In our latest blog, we spoke to GBGB’s Track Liaison Officer, Mark Peacock, about the steps ground staff across GBGB-licensed tracks are taking to ensure safe and consistent surfaces for their canine athletes:

“In a recent RPGTV interview, Professor Madeleine Campbell, author of GBGB’s new welfare strategy, spoke about the time she asked a trainer what they would find most useful in order to improve the care they give their greyhounds. The reply: ‘knowledge’. This is true in all roles within racing; however long you have worked in the sport, there is always more to learn.

Since joining GBGB, I have encountered a similar desire and willingness to learn within the ground staff community. Everyone wants to know what more they could be doing and are keen to understand the thinking behind particular approaches. To meet this demand, I have been working alongside Dr Christian Spring from sports surface experts, STRI, to explore the ways we can better support knowledge-sharing between the ground staff teams across GBGB’s licensed tracks.

As a starting point, last month we hosted our inaugural track maintenance seminar which was well attended by teams across the country. Up until now, there has not been a forum for track staff to meet regularly to discuss common issues and how best to tackle them. Overall, there was a huge amount of experience amongst the attendees, and we have only just scratched the surface of the knowledge which exists within the sport. It was acknowledged that improvements always need to be made, supported by further investment into staff training, updating equipment and an openness to harness new technology.

We will be holding the seminars quarterly and, schedules permitting, will head to specific tracks to showcase any new equipment or processes. Along with Christian from STRI, we will also be tapping into the expertise of our international counterparts to share knowledge and problem solve together. We’re keen to explore, for example, the performance of the Steriline lure system used in Australia, which is an effective and provenly reliable system and could be an alternative for our tracks to consider.

As well as getting this new network started, we are in the process of creating an updated track preparation manual for the sport. The last edition of this is a few years old and our understanding of the science of track preparation has come a long way as has the equipment available to us. This comprehensive document will be a useful tool for the tracks and we intend to complement certain aspects with specific training. In time, I would like to introduce more formal training to ensure that every individual tasked with preparing one of our tracks is fully certified to do so.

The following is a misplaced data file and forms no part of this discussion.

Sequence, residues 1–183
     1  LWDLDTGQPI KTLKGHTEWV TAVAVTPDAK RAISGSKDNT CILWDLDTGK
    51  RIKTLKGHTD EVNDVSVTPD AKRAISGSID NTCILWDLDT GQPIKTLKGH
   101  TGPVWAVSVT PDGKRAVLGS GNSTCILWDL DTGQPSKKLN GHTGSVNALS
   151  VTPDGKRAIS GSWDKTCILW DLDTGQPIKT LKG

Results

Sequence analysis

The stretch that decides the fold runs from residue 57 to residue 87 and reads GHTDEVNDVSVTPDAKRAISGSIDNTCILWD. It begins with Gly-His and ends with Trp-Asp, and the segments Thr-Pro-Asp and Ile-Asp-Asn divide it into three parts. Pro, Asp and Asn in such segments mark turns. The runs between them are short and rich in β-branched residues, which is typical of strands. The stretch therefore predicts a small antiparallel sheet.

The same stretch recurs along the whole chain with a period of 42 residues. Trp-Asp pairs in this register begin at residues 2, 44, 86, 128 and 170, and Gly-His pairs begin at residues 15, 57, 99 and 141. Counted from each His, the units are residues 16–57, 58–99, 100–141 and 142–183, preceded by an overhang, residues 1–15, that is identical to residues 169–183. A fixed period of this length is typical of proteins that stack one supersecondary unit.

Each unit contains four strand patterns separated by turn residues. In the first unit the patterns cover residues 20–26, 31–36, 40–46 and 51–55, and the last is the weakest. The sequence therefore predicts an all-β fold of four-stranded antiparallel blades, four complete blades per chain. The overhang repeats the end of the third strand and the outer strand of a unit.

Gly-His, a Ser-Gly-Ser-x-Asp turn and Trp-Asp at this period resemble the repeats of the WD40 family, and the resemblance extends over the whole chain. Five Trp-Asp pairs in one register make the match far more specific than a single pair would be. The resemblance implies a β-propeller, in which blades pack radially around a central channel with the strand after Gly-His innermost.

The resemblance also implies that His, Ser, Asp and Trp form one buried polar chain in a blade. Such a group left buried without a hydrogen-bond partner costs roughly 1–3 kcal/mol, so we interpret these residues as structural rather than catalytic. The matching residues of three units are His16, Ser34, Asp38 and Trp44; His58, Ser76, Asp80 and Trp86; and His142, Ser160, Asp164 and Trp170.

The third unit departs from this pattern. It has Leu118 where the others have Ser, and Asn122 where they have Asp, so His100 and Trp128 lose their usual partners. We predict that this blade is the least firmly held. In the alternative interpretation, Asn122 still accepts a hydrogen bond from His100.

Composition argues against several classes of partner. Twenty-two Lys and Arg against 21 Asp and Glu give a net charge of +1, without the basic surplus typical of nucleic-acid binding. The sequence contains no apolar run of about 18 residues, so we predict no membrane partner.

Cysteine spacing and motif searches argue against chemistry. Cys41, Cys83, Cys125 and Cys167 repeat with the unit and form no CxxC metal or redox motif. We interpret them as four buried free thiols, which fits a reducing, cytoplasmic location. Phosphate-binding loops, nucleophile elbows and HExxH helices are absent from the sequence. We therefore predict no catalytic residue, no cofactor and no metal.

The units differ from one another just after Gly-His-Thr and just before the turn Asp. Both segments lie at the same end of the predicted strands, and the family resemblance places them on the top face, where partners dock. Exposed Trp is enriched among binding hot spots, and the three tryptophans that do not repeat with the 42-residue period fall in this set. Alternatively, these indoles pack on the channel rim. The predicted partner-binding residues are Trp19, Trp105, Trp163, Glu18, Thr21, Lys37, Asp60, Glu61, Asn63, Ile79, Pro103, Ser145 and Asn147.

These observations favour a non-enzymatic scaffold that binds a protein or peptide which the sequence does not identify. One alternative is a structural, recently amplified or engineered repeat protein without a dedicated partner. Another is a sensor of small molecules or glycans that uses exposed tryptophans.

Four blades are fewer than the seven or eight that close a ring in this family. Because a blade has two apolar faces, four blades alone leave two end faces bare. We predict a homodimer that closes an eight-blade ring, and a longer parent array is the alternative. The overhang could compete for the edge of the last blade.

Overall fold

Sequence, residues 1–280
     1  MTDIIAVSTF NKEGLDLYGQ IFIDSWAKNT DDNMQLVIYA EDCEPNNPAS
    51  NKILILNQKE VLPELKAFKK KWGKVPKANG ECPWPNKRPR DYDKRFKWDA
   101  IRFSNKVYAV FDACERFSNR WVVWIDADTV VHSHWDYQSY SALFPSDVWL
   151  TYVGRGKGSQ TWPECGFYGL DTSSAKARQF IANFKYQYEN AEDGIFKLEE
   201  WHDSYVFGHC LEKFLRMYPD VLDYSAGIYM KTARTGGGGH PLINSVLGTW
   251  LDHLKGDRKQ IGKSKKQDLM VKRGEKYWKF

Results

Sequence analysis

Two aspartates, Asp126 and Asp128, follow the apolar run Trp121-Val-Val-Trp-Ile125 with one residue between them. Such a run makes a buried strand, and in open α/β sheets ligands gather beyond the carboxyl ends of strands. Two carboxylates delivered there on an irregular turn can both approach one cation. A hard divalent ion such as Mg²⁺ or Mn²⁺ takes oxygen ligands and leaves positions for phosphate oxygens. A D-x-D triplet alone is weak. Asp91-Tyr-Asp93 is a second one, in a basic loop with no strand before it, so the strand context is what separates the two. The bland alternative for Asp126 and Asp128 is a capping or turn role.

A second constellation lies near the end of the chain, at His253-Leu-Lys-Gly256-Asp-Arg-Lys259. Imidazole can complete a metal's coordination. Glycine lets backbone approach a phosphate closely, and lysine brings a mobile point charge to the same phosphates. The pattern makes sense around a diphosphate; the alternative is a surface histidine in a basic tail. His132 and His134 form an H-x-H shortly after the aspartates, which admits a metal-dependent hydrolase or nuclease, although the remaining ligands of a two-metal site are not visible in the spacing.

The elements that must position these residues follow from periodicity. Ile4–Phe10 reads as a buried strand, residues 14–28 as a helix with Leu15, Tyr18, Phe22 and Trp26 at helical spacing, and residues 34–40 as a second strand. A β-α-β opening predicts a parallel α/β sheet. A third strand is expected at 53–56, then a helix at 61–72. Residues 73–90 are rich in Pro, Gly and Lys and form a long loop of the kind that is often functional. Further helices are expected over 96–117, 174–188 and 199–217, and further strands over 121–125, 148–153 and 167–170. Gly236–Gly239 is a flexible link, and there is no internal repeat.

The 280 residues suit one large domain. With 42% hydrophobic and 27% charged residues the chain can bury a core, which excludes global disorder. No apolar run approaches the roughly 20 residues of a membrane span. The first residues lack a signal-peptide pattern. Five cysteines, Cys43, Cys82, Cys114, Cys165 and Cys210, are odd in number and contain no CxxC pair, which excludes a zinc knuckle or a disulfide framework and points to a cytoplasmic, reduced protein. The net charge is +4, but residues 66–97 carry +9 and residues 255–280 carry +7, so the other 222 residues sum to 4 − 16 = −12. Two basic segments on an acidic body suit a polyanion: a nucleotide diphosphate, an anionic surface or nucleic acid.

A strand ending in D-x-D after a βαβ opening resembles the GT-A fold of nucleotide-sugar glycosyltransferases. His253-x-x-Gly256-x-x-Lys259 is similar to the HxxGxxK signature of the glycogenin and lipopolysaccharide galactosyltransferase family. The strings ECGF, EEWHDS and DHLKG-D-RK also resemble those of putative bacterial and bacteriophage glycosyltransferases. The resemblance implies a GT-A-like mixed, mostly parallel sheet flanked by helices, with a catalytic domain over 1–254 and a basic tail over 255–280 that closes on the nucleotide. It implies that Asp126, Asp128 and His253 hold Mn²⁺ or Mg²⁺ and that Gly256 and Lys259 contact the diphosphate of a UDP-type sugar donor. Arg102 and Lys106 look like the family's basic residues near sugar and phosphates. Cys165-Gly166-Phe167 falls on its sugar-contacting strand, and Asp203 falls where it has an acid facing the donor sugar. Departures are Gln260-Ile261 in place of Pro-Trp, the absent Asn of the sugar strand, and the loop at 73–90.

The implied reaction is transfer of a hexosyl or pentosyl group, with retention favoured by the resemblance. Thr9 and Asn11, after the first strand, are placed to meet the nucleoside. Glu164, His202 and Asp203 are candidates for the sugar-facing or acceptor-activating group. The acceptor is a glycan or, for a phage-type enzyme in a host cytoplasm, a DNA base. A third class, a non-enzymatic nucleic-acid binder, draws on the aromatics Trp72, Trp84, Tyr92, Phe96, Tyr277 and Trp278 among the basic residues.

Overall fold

It has been good to see more tracks making the most of the services provided to our sport by STRI. As part of our new welfare strategy, GBGB is aiming to increase STRI’s visits from annually to quarterly. This increase in monitoring and reporting can only be a good thing for track surfaces.

An issue the whole industry has faced for several years now is changes in the specification of sand being produced by the UK quarries and indeed a reduction in the number of those quarries. It is now generally a more refined sand and, as a result, has different moisture retention and packing qualities than the established track sands of old. This means some tracks are having to water more regularly and, in some cases, the sand can be more prone to compacting quickly. Given this, it is vital that tracks are confident they are using a high-quality product. STRI will test any samples sent to them by the tracks; it costs the tracks nothing as GBGB foots the bill but understanding what is being supplied could make a tangible difference in the long run. GBGB is exploring the best ways to ensure the availability of suitable sand to the tracks as well as potential additions to it and, while not a solution in the short term, our Working Group continues to investigate alternative racing surfaces for the future.

The safety of our canine athletes is the number one priority, and the importance of proper track preparation will not be overlooked. We all need to be confident that, each time the traps open, our greyhounds can run on a safe, consistent surface. This is a common goal for everyone involved in the sport and I am hopeful that our new ground staff network will prove a useful tool as we all work to continually improve standards.”